Leap Year Traditions: Women propose, leapling babies and failed crops

Leap Year Traditions: Women Propose To Men, Leapling Babies And Failed Crops

It’s Leap Year again and that means this year we’re blessed with an extra day. Monday, February 29 is Leap Day and it comes with a host of traditions and superstitions.

The Earth takes a little more than 365 days to circle the sun in any given year, so to keep the calendar on track Julius Caesar added an extra day, Leap Day, to February every four years.

Without the Leap Day adjustment every four years the seasons would slowly slide into each other and eventually our calendar would look very different than it does today.

The day is loaded with superstitious beliefs and cultural significance.

Proposals

Women who think their men are taking too long to propose have famously been known to take matters into their own hands during Leap Day and get down on one knee.

The legend says that during the fifth century, Irish Saint Brigid of Kildare asked Saint Patrick to establish a day when women could propose to their suitors who were taking too long to propose on their own.

The story says that immediately after Saint Patrick’s declaration, Brigid dropped to one knee and proposed to him, he turned her down, but gave her a kiss and silk gown to make up for it.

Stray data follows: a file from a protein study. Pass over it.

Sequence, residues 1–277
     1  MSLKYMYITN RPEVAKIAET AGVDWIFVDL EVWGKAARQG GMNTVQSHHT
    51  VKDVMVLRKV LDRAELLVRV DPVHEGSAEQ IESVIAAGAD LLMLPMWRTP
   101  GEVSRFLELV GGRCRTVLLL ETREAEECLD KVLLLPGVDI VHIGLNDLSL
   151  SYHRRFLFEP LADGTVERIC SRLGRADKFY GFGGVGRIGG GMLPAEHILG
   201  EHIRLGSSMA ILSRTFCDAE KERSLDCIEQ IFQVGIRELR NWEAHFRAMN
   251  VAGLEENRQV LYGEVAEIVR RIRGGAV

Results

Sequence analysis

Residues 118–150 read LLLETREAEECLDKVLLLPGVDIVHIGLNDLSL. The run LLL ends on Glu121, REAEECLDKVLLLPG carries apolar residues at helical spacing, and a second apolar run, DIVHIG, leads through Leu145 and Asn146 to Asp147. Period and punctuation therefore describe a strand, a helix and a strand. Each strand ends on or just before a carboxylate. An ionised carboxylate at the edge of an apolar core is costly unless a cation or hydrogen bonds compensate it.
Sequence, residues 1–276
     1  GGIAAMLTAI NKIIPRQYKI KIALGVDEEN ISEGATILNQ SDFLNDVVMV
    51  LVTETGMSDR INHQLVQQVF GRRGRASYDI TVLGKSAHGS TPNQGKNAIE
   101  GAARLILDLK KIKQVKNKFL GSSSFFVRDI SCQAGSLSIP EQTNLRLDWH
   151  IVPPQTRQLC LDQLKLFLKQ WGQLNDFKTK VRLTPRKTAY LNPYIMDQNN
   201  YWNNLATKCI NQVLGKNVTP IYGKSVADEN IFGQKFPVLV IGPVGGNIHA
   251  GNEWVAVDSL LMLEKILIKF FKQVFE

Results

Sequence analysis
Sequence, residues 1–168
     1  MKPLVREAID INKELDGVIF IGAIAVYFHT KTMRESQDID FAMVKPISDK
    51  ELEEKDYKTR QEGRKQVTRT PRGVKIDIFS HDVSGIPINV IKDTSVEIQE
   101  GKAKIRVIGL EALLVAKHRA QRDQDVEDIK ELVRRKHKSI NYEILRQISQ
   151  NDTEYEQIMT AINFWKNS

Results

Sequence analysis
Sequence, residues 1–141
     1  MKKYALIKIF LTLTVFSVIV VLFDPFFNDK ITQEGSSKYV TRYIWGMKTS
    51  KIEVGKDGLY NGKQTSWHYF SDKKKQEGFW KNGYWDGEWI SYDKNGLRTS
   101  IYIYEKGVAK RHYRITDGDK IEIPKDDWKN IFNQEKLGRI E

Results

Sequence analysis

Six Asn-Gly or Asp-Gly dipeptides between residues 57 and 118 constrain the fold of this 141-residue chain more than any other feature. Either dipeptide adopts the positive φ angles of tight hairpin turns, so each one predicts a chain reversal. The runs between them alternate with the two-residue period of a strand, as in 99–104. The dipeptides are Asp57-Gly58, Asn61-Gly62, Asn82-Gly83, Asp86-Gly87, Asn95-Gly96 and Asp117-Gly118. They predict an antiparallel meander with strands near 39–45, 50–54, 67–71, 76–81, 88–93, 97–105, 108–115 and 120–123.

The Leap Day proposal legend was brought from Ireland to Scotland in 1288 where Queen Margaret was said to have passed a law that mandated all women proposing on Leap Day were to wear a red petticoat.

Skeptics say Margaret was 5-years-old at the time and living in Norway.

Any man who refused a Leap Day proposal had to pay a fine of silk dresses and 12 silk gloves that could cover the woman’s embarrassment and her hands so no one could tell she wasn’t wearing an engagement ring.

In 2010, the Leap Day proposal came to the big screen with the Amy Adams movie Leap Year in which an American woman follows her fiancée to Ireland so he’ll propose.

Leap Year Birthdays

People born on Leap Year are known as leaplings or leapers. Most of the time they’re forced to celebrate their birthdays’ the day before, on Feb. 28 or the day after on March 1. The discrepancy can make it difficult for leaplings to get driver’s licenses and insurance policies.

The founder of the online club Honor Society of Leap Year Day Babies, Raenell Dawn, told the Pittsburgh Post Gazette that being a Leap Day baby is both comical and frustrating.

Many leap day babies are sick and tired of hearing the same questions. We’ve got to help the school system embrace leap year day and make it fun in school. This is what you can get me for my birthday: Donate a leap day-themed book to your school library.

The town of Anthony, which straddles the New Mexico/Texas border, is the Leap Year capital of the world, according to Quartz. The town hosts a celebration every four years.

Leap Year is considered unlucky in Scotland where rural superstitions say the extra day reeks havoc on the agricultural world, according to the Encyclopedia of Superstitions, Folklore and the Occult Sciences of the World.

Nothing shall be built, planned or planted in a leap year; it does not prosper. The whole vegetable world is affected by the influences of leap year. The peas and beans grow the wrong way in their pods, and seeds are set in quite the contrary way to what they are in other years.

Leap Day is also St. Oswald’s Day, after the York archbishop who died Feb. 29 in 992.

How will you celebrate this Leap Day? Will you be getting down on one knee?

AP Photo/Leanne Italie

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